Intuitions, concepts, and imagination

Philosophical Psychology 23 (4):529-546 (2010)
Abstract
Recently, a new movement of philosophers, called 'experimental philosophy', has suggested that the philosophers' favored armchair is in flames. In order to assess some of their claims, it is helpful to provide a theoretical background against which we can discuss whether certain facts are, or could be, evidence for or against a certain view about how philosophical intuitions work and how good they are. In this paper, I will be mostly concerned with providing such a theoretical background, and I will start discussing in which way experimental philosophy challenges the reliability of philosophical intuitions and how its challenge fits into some more theoretical considerations that also point towards a reliability problem for intuitions. The paper attempts to argue that a certain account of intuitions—the imaginationist account—is available which is well-suited for explicating the expertise reply to the challenge of experimental philosophy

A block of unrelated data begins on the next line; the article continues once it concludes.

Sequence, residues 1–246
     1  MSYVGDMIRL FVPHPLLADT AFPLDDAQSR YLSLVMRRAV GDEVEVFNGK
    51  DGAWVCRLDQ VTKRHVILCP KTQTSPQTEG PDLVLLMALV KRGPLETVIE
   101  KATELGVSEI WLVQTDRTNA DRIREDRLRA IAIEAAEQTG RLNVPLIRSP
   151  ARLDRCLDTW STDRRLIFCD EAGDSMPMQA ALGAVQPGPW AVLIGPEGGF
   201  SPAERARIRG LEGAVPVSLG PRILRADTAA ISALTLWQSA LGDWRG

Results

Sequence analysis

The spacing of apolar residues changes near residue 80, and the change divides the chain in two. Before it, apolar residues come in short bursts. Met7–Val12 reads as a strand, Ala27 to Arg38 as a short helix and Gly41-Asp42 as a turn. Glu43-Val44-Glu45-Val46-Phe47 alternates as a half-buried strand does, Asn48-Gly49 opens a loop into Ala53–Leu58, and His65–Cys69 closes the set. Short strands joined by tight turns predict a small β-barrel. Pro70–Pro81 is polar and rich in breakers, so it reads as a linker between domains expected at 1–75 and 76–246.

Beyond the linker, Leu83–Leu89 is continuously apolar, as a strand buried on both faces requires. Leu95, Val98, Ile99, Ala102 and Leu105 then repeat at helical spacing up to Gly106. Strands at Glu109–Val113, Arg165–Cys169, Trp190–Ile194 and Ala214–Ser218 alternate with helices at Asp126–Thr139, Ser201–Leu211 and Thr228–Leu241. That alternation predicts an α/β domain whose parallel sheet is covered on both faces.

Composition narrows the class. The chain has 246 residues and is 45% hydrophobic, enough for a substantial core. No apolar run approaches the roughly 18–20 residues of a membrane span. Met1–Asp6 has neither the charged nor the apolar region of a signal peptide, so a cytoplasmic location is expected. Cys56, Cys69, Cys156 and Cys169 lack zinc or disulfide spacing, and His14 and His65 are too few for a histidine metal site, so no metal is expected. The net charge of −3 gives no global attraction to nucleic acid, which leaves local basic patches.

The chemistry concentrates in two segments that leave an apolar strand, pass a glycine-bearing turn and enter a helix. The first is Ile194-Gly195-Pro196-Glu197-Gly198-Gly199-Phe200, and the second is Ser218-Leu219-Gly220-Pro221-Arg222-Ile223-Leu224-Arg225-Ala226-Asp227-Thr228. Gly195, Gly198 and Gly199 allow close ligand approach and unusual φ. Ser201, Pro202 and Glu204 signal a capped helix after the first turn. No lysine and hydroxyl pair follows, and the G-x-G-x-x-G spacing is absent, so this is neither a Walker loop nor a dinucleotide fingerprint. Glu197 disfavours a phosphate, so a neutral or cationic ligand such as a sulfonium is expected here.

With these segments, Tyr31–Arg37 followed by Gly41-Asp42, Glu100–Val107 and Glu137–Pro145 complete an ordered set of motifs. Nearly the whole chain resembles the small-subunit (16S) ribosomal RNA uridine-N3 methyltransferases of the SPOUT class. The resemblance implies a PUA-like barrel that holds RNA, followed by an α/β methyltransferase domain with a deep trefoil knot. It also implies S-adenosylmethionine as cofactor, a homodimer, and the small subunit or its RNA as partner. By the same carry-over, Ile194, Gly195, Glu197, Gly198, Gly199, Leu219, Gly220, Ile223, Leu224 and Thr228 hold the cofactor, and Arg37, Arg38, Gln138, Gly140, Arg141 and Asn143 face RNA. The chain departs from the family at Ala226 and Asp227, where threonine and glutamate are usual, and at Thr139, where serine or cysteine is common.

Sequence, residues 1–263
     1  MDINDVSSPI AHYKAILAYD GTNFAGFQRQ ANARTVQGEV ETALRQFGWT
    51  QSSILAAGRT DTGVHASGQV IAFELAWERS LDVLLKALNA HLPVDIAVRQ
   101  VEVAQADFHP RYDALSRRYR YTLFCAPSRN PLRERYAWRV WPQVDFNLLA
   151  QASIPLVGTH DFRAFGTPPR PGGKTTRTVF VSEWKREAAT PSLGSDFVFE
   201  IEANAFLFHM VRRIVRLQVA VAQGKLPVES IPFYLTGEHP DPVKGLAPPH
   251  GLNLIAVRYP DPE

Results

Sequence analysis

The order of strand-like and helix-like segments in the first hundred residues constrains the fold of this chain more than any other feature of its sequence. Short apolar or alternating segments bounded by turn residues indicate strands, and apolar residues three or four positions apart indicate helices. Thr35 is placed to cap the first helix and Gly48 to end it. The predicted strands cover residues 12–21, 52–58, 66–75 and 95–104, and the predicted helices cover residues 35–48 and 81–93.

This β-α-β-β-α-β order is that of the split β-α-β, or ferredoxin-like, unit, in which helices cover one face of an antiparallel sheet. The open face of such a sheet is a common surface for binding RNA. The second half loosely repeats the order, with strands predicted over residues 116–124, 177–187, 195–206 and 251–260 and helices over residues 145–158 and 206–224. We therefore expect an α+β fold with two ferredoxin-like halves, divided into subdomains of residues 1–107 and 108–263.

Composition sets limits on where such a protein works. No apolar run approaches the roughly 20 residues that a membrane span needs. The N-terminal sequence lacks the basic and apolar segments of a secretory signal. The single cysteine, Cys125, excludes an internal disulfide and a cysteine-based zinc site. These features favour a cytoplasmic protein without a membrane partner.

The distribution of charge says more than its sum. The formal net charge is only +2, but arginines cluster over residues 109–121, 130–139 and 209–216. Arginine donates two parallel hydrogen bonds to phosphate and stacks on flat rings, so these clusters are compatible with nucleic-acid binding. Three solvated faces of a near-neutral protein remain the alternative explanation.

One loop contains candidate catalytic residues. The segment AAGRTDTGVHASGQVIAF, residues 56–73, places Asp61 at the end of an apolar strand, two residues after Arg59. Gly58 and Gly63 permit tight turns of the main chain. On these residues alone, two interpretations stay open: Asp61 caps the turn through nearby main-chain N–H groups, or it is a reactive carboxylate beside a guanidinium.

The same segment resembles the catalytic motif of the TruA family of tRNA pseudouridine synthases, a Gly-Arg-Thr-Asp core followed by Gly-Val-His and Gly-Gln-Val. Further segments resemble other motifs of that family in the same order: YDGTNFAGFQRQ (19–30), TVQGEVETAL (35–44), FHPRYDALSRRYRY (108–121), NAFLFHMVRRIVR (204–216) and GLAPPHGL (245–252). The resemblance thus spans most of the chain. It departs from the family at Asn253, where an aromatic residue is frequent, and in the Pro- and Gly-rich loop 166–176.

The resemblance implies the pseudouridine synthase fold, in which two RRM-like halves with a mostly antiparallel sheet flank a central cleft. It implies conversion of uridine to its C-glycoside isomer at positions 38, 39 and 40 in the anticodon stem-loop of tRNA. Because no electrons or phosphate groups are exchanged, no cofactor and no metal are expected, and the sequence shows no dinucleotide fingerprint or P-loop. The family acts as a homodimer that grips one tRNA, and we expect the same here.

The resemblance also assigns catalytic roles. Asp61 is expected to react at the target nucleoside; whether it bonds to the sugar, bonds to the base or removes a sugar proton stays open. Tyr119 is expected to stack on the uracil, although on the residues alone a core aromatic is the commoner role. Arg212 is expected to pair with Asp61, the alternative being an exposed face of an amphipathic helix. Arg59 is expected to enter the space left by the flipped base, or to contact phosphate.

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DOI 10.1080/09515089.2010.505980
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References found in this work BETA
The Epistemology of Thought Experiments : First Person Versus Third Person Approaches.Kirk Ludwig - 2007 - In Peter A. French & Howard K. Wettstein (eds.), Midwest Studies in Philosophy. Blackwell. pp. 128-159.
Experimental Philosophy.Joshua Knobe - 2007 - Philosophy Compass 2 (1):81–92.
``What is Justified Belief?".Alvin Goldman - 1979 - In George Pappas (ed.), Justification and Knowledge. Boston: D. Reidel. pp. 1-25.

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Citations of this work BETA
Intuitive Expertise and Intuitions About Knowledge.Joachim Horvath & Alex Wiegmann - 2016 - Philosophical Studies 173 (10):2701-2726.

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